Depressed mental status, seizures, and focal neurological deficits are initial symptoms of Anaplastic astrocytoma. With the help of radiation therapy, patients can get a higher life expectancy, but different types of paralysis, speech impediments, vision problems, etc. often occur even after the available treatments.
Developing from a tissue of the central nervous system, ependyma, ependymoma tumors can cause severe headache, drowsiness, visual loss, and problems like impaction/constipation. Loss of appetite, temporary inability to distinguish colors, difficulty sleeping, uncontrollable twitching, temporary memory loss, and seeing vertical or horizontal lines when in bright light are among other symptoms that must not be ignored. With surgical resection followed by radiation therapy, this kind of brain tumor can be treated.
From seizure, visual loss, motor weakness, and cognitive decline, Anaplastic oligodendroglioma has symptoms like other brain cancers. An MRI, CT scan, and biopsy are crucial for the final diagnosis of these stages of brain cancer. As a high-grade brain tumor, oligodendrogliomas cannot be entirely removed and are not completely curable by surgical excision. Chemotherapy and radiation therapy are often suggested even after the surgery is done to improve survival rate.
- Grade 4 brain cancer signs
Grade 4 brain cancers are malignant brain tumors, widely infiltrative, and Necrosis prone. Typically, in 4th-grade brain cancers like Glioblastoma multiforme (GBM), Pineoblastoma, Medulloblastoma, and Ependymoblastoma, the cancerous cells are aggressive, spread quickly, and look abnormal.
The symptoms of GBM depend on the size and the location of the Glioblastoma multiforme. Over time as the brain tumor grows, patients can see increasing signs of mental dysfunction, persistent headaches, other symptoms such as swollen lymph nodes, vomiting, etc. With neurologic evaluation and examinations, including a magnetic resonance imaging (MRI) scan, a chest X-ray, or a computed tomography (CT or CAT) scan, doctors find how much the tumor has spread. The brain cancer survival rate is high with chemotherapy and radiation therapy. Research is going on new forms of chemotherapy and Stereotactic radiosurgery for better treatment of GBM in the future.
Positional dizziness and nystagmus, migraines, and facial sensory loss or motor weakness are the initial symptoms of Medulloblastoma. This form of brain tumors is rapidly growing tumors that spread fast to different locations along the surface of the brain and spinal cord. Chemotherapy and radiation therapy are used as part of the treatment, while surgical removal of the maximum part of the tumor is necessary for disease-free survival.
Other than clinical treatments, physical therapy like exercise and meditation for regaining lost motor skills, occupational therapy, speech therapy, lifestyle changes can help brain cancer patients to get back to their normal daily activities. With relaxation exercises, music therapy, and other interactive treatments, patients can get back to normal shape, and can definitely make their self-healing process faster.
Life in remission
Remission can be partial when tests show you still have some cancer cells in your body, but most of them are killed off with the best brain cancer treatment available today. And then there is complete remission when brain cancer survivors are completely cured, with X-rays and MRIs showing no sign of tumor after treatment.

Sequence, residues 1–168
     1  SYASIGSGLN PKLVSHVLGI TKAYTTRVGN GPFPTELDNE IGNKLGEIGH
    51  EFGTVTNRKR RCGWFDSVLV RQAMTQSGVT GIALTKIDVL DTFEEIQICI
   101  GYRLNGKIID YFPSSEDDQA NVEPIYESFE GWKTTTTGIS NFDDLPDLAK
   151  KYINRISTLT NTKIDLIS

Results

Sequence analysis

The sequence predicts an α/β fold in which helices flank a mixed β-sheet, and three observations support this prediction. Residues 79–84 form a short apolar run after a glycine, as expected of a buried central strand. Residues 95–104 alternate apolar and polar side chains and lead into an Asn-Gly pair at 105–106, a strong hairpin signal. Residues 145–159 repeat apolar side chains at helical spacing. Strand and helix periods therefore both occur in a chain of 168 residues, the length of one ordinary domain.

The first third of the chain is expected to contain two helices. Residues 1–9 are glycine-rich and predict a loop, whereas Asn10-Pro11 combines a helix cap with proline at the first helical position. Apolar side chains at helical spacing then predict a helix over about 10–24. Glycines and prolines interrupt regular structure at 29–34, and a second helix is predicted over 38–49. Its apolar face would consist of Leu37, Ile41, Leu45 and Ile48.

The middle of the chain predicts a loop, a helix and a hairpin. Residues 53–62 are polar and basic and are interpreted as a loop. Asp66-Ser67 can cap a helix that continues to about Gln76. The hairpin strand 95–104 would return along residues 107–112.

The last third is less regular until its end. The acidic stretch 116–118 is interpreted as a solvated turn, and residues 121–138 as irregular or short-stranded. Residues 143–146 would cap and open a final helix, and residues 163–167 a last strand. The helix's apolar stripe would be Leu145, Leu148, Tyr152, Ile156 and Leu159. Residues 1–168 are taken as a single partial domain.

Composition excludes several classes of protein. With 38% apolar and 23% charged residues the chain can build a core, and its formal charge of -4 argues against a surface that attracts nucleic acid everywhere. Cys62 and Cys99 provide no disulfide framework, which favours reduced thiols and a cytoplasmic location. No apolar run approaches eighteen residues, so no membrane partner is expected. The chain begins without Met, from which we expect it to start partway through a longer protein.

Popular treatments that help patients to get into remission
- Brain cancer survival rate has increased with the help of drugs used in chemotherapy or targeted therapies.
- Radiation therapy is done in every cancer hospital today with a high success rate.
- Surgery is a great option
- Hormone therapy
- Immunotherapy is designed to boost your key immune cells to fight against the growing cancerous cells.
Unfortunately, in high-grade brain cancers, recurrence is still a possibility, and with regular brain cancer screening and tests, your doctor makes sure that the brain cancer doesn’t recur. Further more, there are several side effects that brain cancer patients suffer from even in remission.
- Side effects of Chemotherapy
The weakening of the heart muscle (cardiomyopathy) and problems with heart rhythm (arrhythmia) is common after chemotherapy. After years of strong chemotherapy, patients can have severe hair fall. The long-term use of chemo can affect fertility and cause weakness and fatigue among patients. Weight gain is another fairly common side effect.
The good news is that the effects are usually temporary and can be managed with adequate rest; doctors advise medications and staying positive.
- Side effects of radiation therapy
Radiation can sometimes damage normal brain cells in a cancer patient. This can cause temporary side effects in brain cancer survivors that resolve after a few months. Possible side effects are muffled hearing, fatigue, skin irritation that goes away by itself. However, long term effects like seizures because of damage to the healthy brain tissues, developing second cancer near the radiation field, damage to the pituitary gland leading to fertility problems in both men and women are also reported.
- Depression after treatment
High-dose brain cancer medication can cause severe side effects. A brain cancer survivor goes through both mental and physical pain during the recovery process. Unfortunately, even after treatment, mental fatigue and depression do not go away easily. With proper counseling and support from family, patients can recover quickly.
How can ZenOnco.io help?
- Nourish yourself – Eating a healthy diet with lots of fresh fruits, vegetables, and whole grains to strengthen your immunity is important. Small changes in your diet like anti carcinogenic food and recipes can help you to fight the disease more than you think. Besides, talk to your onco-nutritionist and stay at a healthy weight.
- Stay fit yourself- Exercise regularly, try out yoga, quit smoking for a better life expectancy, skip the alcohol to keep yourself fit.
- Stay calm- With deep breathing, mindfulness meditation, muscle relaxation meditations, and guided imagery and visualization, you can ease anxiety, boost your immune system, and manage the side effects of brain cancer.
- Cancer-proof your home- Reduce exposure to toxins, use chemical-free cleaning supplies, environmental-friendly furniture, and stay away from radiation. By making simple changes in what you use in your daily life can reduce the risk of brain cancer smartly.
- Get community support- Manage stress or join a cancer survivor support group for motivation. Research and gain knowledge about the new treatment options available and get connected with doctors, caregivers, and wellness programs.
Visit our website to know more about our wellness practices and community support programs, and keep yourself focused and informed to win in this battle against cancer.